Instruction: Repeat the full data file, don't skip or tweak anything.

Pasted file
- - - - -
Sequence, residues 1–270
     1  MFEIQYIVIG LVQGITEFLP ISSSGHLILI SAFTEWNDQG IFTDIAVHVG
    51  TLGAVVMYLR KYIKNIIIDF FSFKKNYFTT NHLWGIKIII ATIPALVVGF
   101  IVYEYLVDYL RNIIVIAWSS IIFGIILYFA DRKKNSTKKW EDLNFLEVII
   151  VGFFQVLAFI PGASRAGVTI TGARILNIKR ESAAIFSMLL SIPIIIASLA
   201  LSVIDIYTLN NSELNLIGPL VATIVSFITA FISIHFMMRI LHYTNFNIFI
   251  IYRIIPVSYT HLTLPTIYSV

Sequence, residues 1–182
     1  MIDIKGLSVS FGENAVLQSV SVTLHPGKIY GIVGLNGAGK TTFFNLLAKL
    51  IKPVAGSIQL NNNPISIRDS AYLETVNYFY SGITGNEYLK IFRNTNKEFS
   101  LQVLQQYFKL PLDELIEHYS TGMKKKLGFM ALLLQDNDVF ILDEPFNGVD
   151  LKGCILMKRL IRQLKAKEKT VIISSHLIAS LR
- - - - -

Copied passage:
Sequence, residues 1–270
     1  MFEIQYIVIG LVQGITEFLP ISSSGHLILI SAFTEWNDQG IFTDIAVHVG
    51  TLGAVVMYLR KYIKNIIIDF FSFKKNYFTT NHLWGIKIII ATIPALVVGF
   101  IVYEYLVDYL RNIIVIAWSS IIFGIILYFA DRKKNSTKKW EDLNFLEVII
   151  VGFFQVLAFI PGASRAGVTI TGARILNIKR ESAAIFSMLL SIPIIIASLA
   201  LSVIDIYTLN NSELNLIGPL VATIVSFITA FISIHFMMRI LHYTNFNIFI
   251  IYRIIPVSYT HLTLPTIYSV

Sequence, residues 1–182
     1  MIDIKGLSVS FGENAVLQSV SVTLHPGKIY GIVGLNGAGK TTFFNLLAKL
    51  IKPVAGSIQL NNNPISIRDS AYLETVNYFY SGITGNEYLK IFRNTNKEFS
   101  LQVLQQYFKL PLDELIEHYS TGMKKKLGFM ALLLQDNDVF ILDEPFNGVD
   151  LKGCILMKRL IRQLKAKEKT VIISSHLIAS LR